ESA's Soil Moisture and Ocean Salinity (SMOS) mission observes soil moisture over the Earth's landmasses and salinity over the oceans. Combined, these measurements are a powerful aid to the understanding of the water cycle which affects so many things on Earth. The data on ocean salinity are vital for improving our understanding of ocean circulation patterns.
Launched on 2 November 2009, SMOS carries the first polar-orbiting space-borne 2-D interferometric radiometer. The instrument observes both soil moisture and ocean salinity by capturing images of emitted microwave radiation around the frequency of 1.4 GHz (L-band).
Salinity describes the concentration of dissolved salts in water. It measures in practical salinity units (psu), which expresses a conductivity ratio. The average salinity of the oceans is 35 psu, which is equivalent to 35 grams of salt in 1 litre of water. SMOS aims to observe salinty down to 0.1 psu (averaged over 10-30 days and an area of 200 km x 200 km) - which is about the same as detecting 0.1 gram of salt in a litre of water.
There are few historical measurement data on ocean salinity, and only a small fraction of the ocean is sampled on a regular basis. Changes in the salinity of surface seawater are brought about by the addition or removal of freshwater, mainly through evaporation and precipitation, but also, in polar regions, by the freezing and melting of ice.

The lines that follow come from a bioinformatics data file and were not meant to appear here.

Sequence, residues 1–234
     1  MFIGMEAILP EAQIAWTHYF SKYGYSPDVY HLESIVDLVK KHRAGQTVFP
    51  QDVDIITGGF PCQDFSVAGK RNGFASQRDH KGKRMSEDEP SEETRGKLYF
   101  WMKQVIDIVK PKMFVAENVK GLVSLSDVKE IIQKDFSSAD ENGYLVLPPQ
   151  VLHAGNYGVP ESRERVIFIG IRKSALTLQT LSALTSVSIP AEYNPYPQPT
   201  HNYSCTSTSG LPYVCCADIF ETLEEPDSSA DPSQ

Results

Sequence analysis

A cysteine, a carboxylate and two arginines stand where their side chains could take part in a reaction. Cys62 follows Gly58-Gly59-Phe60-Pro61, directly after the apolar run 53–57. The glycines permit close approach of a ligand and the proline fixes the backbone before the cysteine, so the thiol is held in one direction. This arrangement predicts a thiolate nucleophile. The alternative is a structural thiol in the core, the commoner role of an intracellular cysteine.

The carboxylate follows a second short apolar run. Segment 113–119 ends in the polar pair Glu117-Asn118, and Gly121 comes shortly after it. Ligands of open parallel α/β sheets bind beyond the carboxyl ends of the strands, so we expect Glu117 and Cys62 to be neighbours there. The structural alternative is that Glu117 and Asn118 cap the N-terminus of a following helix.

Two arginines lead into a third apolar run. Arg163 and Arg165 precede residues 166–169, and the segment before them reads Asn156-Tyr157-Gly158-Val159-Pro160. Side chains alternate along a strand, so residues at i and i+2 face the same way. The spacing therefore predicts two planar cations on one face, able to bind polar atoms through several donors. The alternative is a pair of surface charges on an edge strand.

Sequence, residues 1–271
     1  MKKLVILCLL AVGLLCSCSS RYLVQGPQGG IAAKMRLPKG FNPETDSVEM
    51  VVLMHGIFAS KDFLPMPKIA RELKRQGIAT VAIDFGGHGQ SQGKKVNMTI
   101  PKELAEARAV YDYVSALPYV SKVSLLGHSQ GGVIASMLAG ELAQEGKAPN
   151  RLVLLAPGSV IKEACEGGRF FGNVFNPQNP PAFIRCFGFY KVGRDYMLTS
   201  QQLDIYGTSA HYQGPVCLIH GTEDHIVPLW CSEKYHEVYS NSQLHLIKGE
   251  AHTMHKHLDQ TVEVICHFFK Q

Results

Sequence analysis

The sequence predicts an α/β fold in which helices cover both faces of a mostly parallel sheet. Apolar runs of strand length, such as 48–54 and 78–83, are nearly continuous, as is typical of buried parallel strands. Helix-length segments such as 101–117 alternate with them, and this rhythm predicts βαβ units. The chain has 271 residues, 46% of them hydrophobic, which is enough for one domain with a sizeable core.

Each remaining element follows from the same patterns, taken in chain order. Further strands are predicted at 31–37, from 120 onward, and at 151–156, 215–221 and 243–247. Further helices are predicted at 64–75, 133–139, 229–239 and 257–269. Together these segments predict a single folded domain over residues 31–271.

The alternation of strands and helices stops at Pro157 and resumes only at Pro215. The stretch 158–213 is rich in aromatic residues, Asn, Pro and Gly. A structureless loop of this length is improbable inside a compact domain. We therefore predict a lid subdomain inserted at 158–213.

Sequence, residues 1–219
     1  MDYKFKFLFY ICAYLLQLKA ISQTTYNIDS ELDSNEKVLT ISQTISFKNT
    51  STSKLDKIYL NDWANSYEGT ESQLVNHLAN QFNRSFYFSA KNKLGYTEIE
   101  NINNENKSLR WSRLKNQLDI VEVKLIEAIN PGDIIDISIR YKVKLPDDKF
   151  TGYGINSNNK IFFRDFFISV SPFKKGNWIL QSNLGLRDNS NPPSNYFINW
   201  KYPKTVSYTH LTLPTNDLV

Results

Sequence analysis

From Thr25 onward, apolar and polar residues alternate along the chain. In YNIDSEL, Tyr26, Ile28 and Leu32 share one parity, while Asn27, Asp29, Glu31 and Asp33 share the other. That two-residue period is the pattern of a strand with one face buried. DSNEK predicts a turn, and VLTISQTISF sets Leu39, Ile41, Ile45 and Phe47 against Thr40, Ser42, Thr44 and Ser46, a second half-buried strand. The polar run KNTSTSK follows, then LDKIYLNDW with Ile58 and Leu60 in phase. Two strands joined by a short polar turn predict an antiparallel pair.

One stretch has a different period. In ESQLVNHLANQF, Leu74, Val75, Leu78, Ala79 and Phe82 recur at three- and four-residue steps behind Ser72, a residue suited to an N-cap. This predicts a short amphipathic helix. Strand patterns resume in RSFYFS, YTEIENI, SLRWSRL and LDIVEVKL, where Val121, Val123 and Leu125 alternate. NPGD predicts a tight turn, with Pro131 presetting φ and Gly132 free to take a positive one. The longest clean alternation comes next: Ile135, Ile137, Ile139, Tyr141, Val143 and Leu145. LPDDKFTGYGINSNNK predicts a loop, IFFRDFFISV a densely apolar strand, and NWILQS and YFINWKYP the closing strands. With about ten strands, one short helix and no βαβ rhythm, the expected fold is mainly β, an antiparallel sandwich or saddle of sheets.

Salinity and temperature determine the density of seawater, and density in turn is an important factor driving the currents in our oceans. Ocean circulation plays a crucial role in moderating the climate by, for example, transporting heat from the Equator to the poles. Ocean salinity is also linked to the oceanic carbon cycle, as it plays a part in establishing the chemical equilibrium, which in turn regulates the CO2 uptake and release. Therefore the assimilation of sea surface salinity measurements into global ocean bio-geo-chemical models could improve estimates of the absorption of CO2 by the oceans.
Variability in soil moisture and ocean salinity is due to the continuous exchange of water between the oceans, the atmosphere and the land – the Earth's water cycle. Improving our knowledge of the water cycle will contribute to better weather and extreme-event forecasting and seasonal-climate forecasting.
The design and construction of SMOS involved more than 20 European companies and hundreds of technicians and engineers around Europe.